Alfred Stieglitz 's Influence On Modern Art Essay examples

Alfred Stieglitz 's Influence On Modern Art Essay examples

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A crucial pioneer in the development of modern art in America, Alfred Stieglitz’ s significances credited him not only as one of major Pictorialist photographers, also a modernist photographer. He was born in Hoboken, New Jersey in 1864, the year just before the end of the American Civil War. In 1881, Stieglitz family moved back to Germany with a desireable expectation on Stieglitz. While he studied engineering in Berlin, he realized that the subject did not strike his interest. However, he was exposed to photography for the first time, and gradually, spent an amount of time learning with a professional photochemist Hermann Vogel. As a newfound appetite, his photographers soon attracted appreciative focuses from public; indeed, determined him to venture the photography journey to his whole life. According to his entire efforts, his photographic forms could be categorized in two oppositely separate margins which Pictorialism and Straight photography.
Alfred Stieglitz pursued photography as an artistic legitimacy in his initial purpose. Common sense in the early era asserted that machines - cameras could not make art while comparing with painting. Specifically, photography was considered an innovative science, not fine art. The perceived vulgarity of mass culture and the excitement of modern art combined to encourage photographers interested in art and personal expression to create a separate aesthetic. Along with the world of mass production and the expansion of photography, a controversial issue had been whether was photography among in the fine arts or not. A movement called Pictorialism was rapidly arouse under the Stieglitz’s leading in order to promote and advocate that photography also played same role as painting, drawing or...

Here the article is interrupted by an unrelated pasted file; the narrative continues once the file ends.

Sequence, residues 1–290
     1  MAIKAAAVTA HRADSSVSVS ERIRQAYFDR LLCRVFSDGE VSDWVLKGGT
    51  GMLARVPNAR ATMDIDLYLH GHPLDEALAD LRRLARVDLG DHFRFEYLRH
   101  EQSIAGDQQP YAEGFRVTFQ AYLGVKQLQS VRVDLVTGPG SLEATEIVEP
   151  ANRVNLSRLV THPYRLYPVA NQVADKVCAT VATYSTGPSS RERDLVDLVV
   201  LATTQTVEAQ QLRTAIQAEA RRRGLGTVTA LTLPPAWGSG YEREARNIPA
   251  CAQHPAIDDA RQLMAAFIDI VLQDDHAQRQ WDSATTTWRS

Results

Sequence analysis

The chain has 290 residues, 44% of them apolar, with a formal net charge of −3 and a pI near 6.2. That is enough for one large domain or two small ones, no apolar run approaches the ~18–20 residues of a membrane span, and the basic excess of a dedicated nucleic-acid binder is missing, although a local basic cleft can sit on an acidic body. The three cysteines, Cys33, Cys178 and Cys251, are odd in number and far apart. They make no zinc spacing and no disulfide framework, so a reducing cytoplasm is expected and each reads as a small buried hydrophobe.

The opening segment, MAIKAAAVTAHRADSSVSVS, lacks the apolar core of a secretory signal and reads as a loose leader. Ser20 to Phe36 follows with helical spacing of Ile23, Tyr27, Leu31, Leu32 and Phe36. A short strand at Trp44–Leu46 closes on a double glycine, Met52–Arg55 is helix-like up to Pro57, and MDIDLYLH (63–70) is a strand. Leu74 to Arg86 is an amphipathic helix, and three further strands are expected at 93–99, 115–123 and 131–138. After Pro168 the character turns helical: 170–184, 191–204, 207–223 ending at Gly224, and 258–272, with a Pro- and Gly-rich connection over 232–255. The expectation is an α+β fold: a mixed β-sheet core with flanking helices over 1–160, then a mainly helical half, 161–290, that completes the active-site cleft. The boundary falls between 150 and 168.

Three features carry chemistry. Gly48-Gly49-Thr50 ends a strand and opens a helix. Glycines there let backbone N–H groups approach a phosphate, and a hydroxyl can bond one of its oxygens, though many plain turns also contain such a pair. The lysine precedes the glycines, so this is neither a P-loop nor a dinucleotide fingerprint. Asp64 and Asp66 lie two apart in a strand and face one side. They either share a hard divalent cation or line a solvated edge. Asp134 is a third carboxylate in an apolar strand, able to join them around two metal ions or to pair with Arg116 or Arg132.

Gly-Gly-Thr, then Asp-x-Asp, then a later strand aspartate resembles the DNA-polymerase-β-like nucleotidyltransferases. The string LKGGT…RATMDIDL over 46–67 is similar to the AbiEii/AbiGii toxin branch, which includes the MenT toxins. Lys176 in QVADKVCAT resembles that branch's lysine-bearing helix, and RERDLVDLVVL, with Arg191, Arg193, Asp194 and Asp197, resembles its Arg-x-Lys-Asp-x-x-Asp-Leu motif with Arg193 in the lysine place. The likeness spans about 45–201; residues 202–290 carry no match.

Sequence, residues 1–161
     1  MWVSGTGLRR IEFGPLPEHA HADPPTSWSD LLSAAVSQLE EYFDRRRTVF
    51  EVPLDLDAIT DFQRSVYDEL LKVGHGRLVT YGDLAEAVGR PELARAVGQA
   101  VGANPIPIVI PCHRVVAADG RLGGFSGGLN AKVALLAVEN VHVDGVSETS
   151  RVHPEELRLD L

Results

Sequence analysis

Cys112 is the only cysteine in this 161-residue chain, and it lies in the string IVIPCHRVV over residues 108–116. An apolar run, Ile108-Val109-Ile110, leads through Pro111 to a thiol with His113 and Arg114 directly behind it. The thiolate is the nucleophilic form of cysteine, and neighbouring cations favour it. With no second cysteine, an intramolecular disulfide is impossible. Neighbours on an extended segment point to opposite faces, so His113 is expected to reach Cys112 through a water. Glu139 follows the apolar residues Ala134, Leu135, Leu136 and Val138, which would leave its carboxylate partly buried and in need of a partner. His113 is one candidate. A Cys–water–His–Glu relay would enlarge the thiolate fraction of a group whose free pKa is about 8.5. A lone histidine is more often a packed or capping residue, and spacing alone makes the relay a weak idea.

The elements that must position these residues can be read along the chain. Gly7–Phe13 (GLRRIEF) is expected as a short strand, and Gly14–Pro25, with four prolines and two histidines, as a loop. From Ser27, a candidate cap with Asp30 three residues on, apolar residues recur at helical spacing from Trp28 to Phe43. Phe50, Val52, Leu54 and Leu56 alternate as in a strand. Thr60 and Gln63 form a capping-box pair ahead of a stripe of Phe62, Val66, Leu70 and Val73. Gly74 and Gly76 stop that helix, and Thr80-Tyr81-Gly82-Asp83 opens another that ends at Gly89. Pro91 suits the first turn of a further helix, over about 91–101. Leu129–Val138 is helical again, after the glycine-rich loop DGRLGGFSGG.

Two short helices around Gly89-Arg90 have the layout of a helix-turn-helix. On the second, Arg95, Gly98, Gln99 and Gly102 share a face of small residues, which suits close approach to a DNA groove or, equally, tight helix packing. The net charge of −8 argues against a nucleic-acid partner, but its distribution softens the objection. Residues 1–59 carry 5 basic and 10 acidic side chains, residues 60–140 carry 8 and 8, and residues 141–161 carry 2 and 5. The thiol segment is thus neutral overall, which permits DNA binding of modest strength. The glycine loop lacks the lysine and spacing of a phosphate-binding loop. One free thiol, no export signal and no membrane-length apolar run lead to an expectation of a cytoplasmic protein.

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... shapes related to one another–a picture of shapes, and underlying it, a new vision that held me: simple people; the feeling of ship, ocean, sky . . .
Composition served to be more significant element in composing a photograph. The apparent lines and geometric shapes were immediately visible. These lines and shapes function to frame and to move audiences’ attentions toward to the upper and lower divisions. The photograph not only gave a deep sense, but also the objects inside presented a stereo feeling because the distinct contrast between the foreground drawbridge and the background people and objects. Furthermore, upper and lower parts were divided by the centered that served as a implicit meaning on economic divisions of society. This photograph’s vision of shapes and lines, and the social condition combined to form one of Stieglitz remarkable straight photograph.

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